[Defect coverage of the hand and forearm with a free scapula-parascapula flap].

Published

Journal Article

BACKGROUND: Complex defects of the forearm and hand are associated with the loss of important structures. Single-stage reconstruction of these defects requires composite tissue transplantations. The subscapular region offers various components for the coverage of complex defects. The scapular and the parascapular flaps can be used each as cutaneous, fasciocutaneous and osteocutaneous or as a combined flap as well. The purpose of this study was to present our experience with the combined scapular-parascapular free flap for defect coverage of the forearm and hand in 13 patients. PATIENTS AND METHOD: Evaluation of 12 patients who underwent coverage of forearm and hand defects with the combined scapular-parascapular free flap during a five-year period. Other treatment options are discussed. RESULTS: Average age of the patients was 39 years, there were ten male and two female patients. Average follow-up was 20 months. Eleven patients suffered from massive trauma, one patient from severe infection of the forearm and hand. The defect size varied from 12 x 8 cm to 45 x 20 cm. In nine cases, a cutaneous and/or fasciocutaneous scapular-parascapular flap was used, two patients underwent defect coverage with an osteocutaneous scapular-parascapular flap, and in one patient, a "four-flap-mega-flap" was transplanted. One flap developed a partial necrosis. Eight patients developed a good or very good functional outcome with their hand and forearm, two patients have a moderate degree of disability. Two patients can use their hand as a supporting hand. CONCLUSION: This study demonstrates that the combined scapular-parascapular free flap is a reliable treatment choice for early coverage of defects of the forearm and hand. The advantages are the long, large and consistent vascular pedicle, the possibility of combination with other flaps and "custom-tailoring", including whatever component is necessary to close the particular defect.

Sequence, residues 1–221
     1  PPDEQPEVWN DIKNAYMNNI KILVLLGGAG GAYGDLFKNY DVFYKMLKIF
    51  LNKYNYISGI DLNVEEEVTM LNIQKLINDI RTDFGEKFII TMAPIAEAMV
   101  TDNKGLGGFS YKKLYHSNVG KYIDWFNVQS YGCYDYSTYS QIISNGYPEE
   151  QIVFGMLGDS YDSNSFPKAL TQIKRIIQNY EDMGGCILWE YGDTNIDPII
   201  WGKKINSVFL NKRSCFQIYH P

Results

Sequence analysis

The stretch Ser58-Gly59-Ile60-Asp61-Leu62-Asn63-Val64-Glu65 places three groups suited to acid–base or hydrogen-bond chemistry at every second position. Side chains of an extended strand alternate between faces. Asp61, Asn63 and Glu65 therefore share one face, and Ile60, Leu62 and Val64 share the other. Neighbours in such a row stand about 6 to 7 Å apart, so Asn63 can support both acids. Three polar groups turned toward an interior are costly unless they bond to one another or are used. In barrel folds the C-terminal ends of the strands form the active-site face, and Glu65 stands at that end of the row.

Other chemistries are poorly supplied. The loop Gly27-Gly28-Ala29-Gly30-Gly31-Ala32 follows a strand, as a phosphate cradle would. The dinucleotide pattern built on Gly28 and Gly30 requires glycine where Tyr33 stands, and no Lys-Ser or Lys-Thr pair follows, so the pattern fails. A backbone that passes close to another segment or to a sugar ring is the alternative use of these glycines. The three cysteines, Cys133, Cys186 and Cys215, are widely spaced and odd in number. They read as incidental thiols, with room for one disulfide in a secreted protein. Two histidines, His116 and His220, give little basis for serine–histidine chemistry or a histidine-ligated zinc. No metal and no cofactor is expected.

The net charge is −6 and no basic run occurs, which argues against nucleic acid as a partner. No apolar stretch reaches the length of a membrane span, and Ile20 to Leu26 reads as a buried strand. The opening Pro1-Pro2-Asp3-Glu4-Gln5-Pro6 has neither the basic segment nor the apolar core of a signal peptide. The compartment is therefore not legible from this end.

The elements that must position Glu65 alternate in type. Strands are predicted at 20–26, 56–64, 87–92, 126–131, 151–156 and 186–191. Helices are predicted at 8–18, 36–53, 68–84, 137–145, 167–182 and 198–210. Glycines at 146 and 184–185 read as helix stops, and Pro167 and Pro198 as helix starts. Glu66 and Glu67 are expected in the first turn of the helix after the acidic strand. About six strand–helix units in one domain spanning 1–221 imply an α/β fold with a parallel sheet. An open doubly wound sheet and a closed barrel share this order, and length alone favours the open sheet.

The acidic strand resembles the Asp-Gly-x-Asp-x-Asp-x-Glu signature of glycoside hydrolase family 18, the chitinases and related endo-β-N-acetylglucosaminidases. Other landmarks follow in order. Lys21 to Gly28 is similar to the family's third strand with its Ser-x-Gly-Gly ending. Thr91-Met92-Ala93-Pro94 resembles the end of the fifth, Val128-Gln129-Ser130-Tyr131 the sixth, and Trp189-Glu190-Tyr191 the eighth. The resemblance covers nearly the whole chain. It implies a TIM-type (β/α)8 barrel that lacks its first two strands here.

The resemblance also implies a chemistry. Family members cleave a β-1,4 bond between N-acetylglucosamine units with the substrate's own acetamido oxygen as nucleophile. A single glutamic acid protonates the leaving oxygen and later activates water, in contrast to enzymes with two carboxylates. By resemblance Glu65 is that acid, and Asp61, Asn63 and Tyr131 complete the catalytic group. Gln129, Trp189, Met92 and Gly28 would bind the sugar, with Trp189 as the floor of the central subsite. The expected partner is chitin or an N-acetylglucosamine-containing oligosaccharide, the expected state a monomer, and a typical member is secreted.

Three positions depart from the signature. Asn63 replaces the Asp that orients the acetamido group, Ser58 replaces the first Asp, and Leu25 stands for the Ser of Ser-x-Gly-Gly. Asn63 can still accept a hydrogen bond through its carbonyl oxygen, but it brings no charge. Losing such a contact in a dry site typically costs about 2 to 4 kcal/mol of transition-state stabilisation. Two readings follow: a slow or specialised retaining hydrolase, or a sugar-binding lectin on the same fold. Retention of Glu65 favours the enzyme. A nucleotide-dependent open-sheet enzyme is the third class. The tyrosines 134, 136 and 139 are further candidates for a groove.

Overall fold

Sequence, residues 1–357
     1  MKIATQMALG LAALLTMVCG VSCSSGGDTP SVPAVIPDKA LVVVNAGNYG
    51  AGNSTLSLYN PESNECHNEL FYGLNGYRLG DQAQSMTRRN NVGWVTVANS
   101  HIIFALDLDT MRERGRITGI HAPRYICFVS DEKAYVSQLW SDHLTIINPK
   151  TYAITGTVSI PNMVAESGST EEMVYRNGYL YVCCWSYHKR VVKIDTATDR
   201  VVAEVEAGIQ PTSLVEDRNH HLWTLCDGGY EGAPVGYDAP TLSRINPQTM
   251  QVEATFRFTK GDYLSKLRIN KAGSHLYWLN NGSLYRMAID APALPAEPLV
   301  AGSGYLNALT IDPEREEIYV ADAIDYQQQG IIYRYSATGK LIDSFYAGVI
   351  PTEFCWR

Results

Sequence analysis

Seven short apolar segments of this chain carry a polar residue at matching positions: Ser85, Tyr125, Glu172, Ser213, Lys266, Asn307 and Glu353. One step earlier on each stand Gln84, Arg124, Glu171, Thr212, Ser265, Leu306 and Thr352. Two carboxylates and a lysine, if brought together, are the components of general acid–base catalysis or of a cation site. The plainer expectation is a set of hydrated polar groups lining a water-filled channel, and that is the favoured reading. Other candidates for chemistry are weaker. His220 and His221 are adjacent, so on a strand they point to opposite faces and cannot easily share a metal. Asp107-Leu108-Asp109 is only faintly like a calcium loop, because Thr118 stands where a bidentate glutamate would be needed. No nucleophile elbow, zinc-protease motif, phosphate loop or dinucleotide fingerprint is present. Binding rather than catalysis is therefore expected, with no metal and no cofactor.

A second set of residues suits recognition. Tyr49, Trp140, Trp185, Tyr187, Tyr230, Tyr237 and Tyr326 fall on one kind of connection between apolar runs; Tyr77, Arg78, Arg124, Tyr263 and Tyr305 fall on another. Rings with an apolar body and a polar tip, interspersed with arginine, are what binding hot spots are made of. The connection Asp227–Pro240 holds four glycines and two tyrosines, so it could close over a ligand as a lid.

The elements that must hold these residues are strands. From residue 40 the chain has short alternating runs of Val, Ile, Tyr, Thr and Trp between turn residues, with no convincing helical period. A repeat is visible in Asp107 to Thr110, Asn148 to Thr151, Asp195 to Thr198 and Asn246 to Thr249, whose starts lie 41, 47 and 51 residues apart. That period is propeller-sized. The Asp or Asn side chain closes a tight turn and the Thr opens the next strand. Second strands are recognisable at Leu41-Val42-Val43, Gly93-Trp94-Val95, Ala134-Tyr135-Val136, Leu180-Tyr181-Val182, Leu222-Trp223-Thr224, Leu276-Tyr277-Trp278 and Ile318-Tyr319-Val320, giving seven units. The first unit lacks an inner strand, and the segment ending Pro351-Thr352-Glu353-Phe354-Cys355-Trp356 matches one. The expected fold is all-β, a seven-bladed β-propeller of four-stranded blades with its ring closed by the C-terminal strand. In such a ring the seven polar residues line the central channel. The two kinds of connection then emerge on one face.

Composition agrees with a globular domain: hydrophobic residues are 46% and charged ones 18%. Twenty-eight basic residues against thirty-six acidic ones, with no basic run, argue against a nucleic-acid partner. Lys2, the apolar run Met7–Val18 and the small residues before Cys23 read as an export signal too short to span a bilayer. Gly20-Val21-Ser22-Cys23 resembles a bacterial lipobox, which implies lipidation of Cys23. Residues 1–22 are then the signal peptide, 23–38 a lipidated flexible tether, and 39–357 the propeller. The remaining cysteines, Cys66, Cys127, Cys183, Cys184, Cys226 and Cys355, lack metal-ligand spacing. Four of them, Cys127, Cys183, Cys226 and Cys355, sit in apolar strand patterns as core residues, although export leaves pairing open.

Full Text

Duke Authors

Cited Authors

  • Sauerbier, M; Erdmann, D; Bickert, B; Wittemann, M; Germann, G

Published Date

  • January 2001

Published In

Volume / Issue

  • 33 / 1

Start / End Page

  • 20 - 25

PubMed ID

  • 11258028

Pubmed Central ID

  • 11258028

International Standard Serial Number (ISSN)

  • 0722-1819

Digital Object Identifier (DOI)

  • 10.1055/s-2001-12076

Language

  • ger

Conference Location

  • Germany